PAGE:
Maxime Bernier’s lawsuit against Warren Kinsella over a secret campaign called Project Cactus has been dismissed by an Ontario Superior Court judge, who ruled the People’s Party of Canada Leader failed to prove that his defamation concerns outweighed the importance of protecting free speech in the political realm.
The defence of Mr. Kinsella, a political columnist and former Liberal strategist, relied on Ontario’s “anti-SLAPP” legislation, which is aimed at discouraging the use of a strategic lawsuit against public participation in which libel cases are used to chill critics from speaking out about public-policy matters.
The law allows defendants who have been sued for defamation to ask for the case to be dismissed if it involves a matter of public interest and if there is a reasonable prospect that the defendant’s case would succeed should the lawsuit proceed.
“In my view, the plaintiff [Mr. Bernier] runs a significant risk that his action will succumb to one of the defences of justification of fair comment,” wrote Justice Calum MacLeod in a Nov. 10 decision. “A statement that a person is racist or misogynist is a generalization or conclusion that is not itself either true or false … the test is whether a reasonable person could reach the conclusion expressed based on the underlying facts if those underlying facts are true.”
The Globe and Mail first reported during the 2019 election campaign that the Conservative Party had hired Mr. Kinsella and his Daisy Group consulting firm earlier that year to run a “seek and destroy” effort called Project Cactus that aimed to discredit Mr. Bernier and his new party.
The campaign included social-media posts that portrayed Mr. Bernier as a “dangerous racist.”
Mr. Bernier has called for reduced levels of immigration and has warned against “radical multiculturalism,” but he has repeatedly stated that neither he nor his party are racist.
The Conservative Party has never confirmed nor denied that it paid Mr. Kinsella for the work. The Globe reported in June of this year that documents show the costs of Project Cactus were billed and addressed to “John Walsh Conservative Party of Canada.” The address is the same address as the Conservative Party’s Ottawa headquarters on Albert Street.
Justice MacLeod writes that while Project Cactus is “at the heart of this dispute,” he notes that neither the Conservative Party nor the People’s Party of Canada are parties to the court action.
“It does not much matter for present purposes whether Mr. Kinsella and his organization were officially hired by the CPC or simply by individuals close to the party,” the ruling states. “Although in his affidavit, Mr. Bernier complains that the CPC was responsible for dirty tricks, such as running another Maxime Bernier against him in the Beauce [riding], it is not clear what (even if true) that could have to do with proceeding with a defamation action against Mr. Kinsella.”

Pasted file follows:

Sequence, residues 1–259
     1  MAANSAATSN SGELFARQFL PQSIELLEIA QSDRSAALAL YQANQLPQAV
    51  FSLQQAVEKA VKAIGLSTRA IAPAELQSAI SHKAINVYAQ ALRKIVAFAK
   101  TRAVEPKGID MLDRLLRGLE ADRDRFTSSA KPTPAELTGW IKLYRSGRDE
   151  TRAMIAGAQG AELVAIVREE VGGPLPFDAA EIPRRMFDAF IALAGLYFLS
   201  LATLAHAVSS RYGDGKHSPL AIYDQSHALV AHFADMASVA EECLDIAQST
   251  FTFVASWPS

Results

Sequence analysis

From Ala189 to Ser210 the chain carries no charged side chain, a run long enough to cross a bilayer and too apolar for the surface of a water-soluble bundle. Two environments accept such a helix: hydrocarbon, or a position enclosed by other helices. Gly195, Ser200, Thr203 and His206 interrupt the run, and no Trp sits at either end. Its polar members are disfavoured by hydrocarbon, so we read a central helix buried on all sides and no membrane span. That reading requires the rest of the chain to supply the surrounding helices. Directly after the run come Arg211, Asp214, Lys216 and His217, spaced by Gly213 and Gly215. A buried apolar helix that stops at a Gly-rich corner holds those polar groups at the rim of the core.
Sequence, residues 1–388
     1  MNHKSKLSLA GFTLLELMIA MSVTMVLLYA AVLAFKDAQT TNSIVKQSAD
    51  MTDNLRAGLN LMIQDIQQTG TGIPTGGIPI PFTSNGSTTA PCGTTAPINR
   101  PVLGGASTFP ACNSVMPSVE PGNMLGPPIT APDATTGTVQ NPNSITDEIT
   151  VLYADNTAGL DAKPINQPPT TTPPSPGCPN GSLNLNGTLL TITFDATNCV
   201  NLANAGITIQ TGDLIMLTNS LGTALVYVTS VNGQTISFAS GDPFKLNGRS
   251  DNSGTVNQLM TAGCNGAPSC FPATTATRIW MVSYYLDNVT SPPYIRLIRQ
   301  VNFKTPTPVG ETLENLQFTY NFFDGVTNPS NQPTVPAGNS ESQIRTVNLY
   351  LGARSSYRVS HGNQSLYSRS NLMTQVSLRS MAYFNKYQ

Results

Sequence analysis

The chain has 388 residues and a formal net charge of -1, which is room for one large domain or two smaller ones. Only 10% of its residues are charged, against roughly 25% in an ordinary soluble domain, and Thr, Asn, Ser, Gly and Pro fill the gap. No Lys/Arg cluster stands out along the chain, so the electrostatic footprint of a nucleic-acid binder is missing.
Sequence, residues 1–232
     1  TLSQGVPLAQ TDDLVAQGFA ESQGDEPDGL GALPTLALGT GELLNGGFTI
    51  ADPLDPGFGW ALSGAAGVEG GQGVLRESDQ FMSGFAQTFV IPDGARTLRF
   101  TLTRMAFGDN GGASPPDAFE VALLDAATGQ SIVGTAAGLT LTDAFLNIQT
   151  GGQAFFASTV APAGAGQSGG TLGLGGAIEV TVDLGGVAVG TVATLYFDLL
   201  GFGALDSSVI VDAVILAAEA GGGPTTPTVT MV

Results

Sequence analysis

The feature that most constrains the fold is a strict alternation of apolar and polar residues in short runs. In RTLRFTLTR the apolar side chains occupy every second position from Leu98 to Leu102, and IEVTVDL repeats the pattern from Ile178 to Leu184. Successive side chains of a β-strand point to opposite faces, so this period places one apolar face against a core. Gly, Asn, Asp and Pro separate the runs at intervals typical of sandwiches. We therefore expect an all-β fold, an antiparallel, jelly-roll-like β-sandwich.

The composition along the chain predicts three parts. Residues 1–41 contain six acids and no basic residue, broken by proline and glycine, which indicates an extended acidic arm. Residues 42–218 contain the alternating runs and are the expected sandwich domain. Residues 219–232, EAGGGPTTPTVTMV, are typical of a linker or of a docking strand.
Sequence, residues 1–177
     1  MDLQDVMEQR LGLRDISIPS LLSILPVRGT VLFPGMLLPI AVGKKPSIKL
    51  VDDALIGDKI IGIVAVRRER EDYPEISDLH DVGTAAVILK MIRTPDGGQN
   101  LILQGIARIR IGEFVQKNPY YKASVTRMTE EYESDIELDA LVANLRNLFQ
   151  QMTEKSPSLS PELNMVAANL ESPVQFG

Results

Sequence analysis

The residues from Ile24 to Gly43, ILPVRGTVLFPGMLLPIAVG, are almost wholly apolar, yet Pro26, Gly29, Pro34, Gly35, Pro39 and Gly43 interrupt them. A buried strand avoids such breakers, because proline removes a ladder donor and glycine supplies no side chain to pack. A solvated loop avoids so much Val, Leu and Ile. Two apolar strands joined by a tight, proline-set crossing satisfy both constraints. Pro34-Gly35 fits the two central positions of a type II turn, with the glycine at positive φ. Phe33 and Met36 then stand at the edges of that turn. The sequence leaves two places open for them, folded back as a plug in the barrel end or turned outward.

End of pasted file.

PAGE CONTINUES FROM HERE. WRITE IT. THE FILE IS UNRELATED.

Wednesday’s ruling notes that the dispute between Mr. Bernier and Mr. Kinsella has received “much media interest” and his decision includes a section aimed at underscoring the limited focus of his ruling, which is whether or not Mr. Kinsella meets the legal tests required to have the case dismissed under Ontario’s anti-SLAPP law.
He notes that he will not be “making a finding as to whether Mr. Bernier is or is not a racist or any of the other epithets thrown at him.” The ruling also notes that the release of the decision was delayed until after the 2021 federal election, “so that there could be no illusion of the court meddling in politics.”
Mr. Bernier issued a brief comment Thursday in response to the decision.
“I am of course disappointed by the ruling and will be looking at all our options with my lawyers in the coming days,” he said.
Mr. Kinsella and the Daisy Group issued a news release praising the ruling.
“We were always confident that the court would dismiss Bernier’s action, which was a clumsy attempt to silence dissent and legitimate criticism. Today the court agreed, and we thank them for their important judgment,” Mr. Kinsella said.
Mr. Kinsella told the court that he has worked for many parties over the past 15 years but is not currently a member of any political party.
Mr. Bernier is a former Conservative cabinet minister who finished a close second to Andrew Scheer in the party’s 2017 leadership contest. He lost his seat in Beauce during the 2019 election campaign and his party finished with 1.6 per cent of the vote.
During the 2021 election, Mr. Bernier’s party garnered 4.9 per cent of the national vote after a campaign that focused heavily on opposition to mandatory COVID-19 vaccination policies. No PPC candidates were elected.
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